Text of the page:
The feasibility study addendum points out that Hopkinton’s current technology is 30 years old, with coverage dead spots in town, leading to a question about where the money will come from to update it.
Said Khumalo: “What I’ve been told and what I believe the RECC will do is provide us with an opportunity for the state to fund 911 capital requests that I’ve included in our grant application — so long as our grant application is approved.”
Communications Director Meaghan DeRaad said the grant Khumalo referenced was a competitive grant, and that approval was not guaranteed. She also said that if Hopkinton were approved for the RECC but the town later decided to opt out, it was her understanding “that the town would have some financial responsibility.”
Miller gave the example of Holbrook, which owns its RECC and is responsible for all of the maintenance and repair of the equipment for all communities included.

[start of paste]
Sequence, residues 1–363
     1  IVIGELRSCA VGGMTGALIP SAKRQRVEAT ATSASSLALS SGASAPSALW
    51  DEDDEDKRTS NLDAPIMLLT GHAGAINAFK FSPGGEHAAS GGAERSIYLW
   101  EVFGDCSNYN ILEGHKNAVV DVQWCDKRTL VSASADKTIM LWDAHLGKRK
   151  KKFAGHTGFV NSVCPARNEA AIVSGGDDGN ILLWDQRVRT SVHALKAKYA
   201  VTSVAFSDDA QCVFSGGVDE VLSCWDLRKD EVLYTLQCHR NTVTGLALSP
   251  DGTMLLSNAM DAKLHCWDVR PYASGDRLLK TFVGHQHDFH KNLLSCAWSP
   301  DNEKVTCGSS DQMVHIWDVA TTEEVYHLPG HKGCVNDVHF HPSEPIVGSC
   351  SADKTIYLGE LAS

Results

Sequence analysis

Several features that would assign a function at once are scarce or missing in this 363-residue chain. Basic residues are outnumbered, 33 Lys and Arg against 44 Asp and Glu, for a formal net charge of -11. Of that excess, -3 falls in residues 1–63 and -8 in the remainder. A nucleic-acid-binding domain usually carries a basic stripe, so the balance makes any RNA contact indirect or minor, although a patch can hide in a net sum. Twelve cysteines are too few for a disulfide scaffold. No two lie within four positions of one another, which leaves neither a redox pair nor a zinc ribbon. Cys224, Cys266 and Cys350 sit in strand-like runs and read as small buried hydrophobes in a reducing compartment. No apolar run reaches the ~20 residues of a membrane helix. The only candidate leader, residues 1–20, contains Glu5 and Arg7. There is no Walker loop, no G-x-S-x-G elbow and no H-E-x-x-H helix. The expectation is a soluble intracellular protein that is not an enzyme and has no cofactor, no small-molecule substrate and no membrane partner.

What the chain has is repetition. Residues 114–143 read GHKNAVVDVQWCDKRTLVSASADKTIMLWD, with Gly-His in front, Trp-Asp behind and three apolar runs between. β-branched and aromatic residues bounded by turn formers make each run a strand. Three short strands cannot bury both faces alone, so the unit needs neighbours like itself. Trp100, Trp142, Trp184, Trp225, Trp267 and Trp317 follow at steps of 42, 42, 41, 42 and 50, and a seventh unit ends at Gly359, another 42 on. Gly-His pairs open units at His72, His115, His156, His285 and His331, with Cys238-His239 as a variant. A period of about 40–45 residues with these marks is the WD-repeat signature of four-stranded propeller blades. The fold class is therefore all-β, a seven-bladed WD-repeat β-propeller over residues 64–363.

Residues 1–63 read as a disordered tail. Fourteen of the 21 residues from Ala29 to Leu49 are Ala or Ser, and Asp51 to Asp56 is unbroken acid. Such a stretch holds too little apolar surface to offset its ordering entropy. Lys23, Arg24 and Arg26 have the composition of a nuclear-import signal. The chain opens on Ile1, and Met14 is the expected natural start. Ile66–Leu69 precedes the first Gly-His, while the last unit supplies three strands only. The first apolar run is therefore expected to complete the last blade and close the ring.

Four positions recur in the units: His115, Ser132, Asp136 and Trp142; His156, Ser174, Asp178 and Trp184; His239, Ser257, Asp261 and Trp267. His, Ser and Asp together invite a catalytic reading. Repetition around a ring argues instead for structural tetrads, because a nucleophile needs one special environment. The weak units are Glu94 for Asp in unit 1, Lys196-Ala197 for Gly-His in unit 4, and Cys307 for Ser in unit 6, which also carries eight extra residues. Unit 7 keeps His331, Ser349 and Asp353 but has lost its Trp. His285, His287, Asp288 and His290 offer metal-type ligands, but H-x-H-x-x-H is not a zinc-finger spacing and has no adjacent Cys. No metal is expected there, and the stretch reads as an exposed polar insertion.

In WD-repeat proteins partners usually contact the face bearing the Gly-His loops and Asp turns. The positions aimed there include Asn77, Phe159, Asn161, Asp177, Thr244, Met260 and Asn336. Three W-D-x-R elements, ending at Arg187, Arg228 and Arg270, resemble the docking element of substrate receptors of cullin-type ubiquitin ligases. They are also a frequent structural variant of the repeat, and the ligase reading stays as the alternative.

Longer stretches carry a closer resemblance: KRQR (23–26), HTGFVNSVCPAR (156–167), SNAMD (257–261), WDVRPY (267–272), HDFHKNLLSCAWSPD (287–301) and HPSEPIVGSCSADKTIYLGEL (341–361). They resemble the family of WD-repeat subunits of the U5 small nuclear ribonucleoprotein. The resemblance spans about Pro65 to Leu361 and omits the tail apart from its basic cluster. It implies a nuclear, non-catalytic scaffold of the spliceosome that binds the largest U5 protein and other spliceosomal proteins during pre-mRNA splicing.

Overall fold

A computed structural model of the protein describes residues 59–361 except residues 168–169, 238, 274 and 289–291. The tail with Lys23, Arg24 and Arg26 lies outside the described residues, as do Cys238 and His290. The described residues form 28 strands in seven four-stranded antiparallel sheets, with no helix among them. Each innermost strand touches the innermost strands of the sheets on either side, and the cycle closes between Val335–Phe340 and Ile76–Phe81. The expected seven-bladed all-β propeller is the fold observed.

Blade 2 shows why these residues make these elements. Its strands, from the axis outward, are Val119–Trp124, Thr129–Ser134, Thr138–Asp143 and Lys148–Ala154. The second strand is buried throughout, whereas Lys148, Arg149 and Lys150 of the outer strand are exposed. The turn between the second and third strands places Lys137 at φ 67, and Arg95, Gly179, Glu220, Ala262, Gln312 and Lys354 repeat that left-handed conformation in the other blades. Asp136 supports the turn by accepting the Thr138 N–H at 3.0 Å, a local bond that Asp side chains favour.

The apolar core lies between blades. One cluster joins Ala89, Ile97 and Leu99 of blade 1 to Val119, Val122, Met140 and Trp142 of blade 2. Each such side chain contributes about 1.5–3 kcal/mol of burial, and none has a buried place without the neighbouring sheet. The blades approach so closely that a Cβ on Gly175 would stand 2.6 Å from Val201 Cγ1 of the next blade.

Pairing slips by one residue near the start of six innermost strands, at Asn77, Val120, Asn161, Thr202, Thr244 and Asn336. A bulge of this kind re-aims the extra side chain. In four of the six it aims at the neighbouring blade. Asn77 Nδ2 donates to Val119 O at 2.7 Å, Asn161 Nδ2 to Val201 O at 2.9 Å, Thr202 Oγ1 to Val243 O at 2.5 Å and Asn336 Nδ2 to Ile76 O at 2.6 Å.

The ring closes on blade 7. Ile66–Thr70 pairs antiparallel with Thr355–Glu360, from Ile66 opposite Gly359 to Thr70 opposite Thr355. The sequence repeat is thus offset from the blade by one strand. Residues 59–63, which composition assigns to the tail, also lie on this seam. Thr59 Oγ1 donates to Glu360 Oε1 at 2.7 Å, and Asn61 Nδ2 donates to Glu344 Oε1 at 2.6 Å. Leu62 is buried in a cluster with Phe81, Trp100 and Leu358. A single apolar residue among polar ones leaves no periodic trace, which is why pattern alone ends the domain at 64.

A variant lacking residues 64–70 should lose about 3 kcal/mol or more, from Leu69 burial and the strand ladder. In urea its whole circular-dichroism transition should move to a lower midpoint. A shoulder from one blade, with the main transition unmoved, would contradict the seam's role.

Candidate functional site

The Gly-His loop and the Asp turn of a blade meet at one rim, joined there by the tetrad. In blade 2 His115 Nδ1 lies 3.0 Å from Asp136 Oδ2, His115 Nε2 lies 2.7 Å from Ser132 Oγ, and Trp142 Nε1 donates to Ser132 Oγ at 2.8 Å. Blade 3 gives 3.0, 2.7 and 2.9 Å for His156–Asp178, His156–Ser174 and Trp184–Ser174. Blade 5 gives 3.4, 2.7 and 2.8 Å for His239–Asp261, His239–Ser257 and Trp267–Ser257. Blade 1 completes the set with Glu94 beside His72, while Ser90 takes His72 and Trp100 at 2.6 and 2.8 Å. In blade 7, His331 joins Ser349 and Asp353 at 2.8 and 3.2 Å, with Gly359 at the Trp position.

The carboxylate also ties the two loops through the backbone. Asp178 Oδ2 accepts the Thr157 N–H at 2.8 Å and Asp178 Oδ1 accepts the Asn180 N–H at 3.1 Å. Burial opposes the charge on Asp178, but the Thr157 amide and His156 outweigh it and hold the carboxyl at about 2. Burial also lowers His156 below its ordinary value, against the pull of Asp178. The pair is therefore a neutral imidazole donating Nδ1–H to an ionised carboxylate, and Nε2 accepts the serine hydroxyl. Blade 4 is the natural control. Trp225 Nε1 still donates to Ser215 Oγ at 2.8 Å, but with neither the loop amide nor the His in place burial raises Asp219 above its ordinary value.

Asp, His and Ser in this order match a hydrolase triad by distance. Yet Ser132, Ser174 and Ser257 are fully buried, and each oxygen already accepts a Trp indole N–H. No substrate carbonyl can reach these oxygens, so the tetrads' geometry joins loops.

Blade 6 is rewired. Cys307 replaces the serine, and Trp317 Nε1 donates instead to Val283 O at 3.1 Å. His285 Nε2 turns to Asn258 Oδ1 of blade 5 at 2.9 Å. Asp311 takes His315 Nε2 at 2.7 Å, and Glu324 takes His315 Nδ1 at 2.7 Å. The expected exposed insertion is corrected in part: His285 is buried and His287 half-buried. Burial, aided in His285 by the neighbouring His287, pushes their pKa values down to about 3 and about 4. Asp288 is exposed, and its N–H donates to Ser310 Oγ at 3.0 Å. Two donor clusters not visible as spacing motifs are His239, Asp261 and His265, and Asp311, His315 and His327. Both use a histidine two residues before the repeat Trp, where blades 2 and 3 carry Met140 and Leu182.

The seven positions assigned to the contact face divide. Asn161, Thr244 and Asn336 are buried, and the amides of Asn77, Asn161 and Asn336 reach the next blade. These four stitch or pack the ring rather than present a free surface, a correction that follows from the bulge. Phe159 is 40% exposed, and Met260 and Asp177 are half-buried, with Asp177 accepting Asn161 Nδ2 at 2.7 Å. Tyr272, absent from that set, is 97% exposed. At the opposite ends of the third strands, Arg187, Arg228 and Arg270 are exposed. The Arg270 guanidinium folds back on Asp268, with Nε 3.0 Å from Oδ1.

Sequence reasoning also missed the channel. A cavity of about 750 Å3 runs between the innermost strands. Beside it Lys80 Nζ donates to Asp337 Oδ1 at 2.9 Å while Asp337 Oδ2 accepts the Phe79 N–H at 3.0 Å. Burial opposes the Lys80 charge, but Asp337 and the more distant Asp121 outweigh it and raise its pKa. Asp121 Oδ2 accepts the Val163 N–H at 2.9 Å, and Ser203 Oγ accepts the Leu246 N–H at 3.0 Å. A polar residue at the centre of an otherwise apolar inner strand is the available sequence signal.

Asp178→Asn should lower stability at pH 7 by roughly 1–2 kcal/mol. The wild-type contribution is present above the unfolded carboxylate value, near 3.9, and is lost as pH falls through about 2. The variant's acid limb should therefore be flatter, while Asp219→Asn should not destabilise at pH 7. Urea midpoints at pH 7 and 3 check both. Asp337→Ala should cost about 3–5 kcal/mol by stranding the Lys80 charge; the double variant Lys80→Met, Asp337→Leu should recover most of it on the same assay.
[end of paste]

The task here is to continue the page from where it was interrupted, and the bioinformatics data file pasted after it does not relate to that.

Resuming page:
Khumalo said he has been told by the state that all current RECCs have been successful in their applications.
Toward the end of the meeting, Pat O’Brien, a former Hopkinton police officer, noted that mutual aid is provided by the closest surrounding towns currently. Miller said that the “closest available resource” would be used with an RECC.
A future step, if the idea moves forward, would be to select a site for the RECC, said Khumalo. This would be determined by the towns involved. Initially, seven communities were included in the feasibility study, but the number was narrowed to four in an amended version.
At a recent Select Board meeting, the former Center School across from the Town Common was floated as a possible location. Meanwhile, Westborough officials have identified a building on the site of a former Superfund site (contaminated land) on Otis Street and have expressed an interested in having the headquarters there.
Another information session will be held Wednesday from 6-8 p.m. at the Hopkinton Senior Center. It will be available virtually.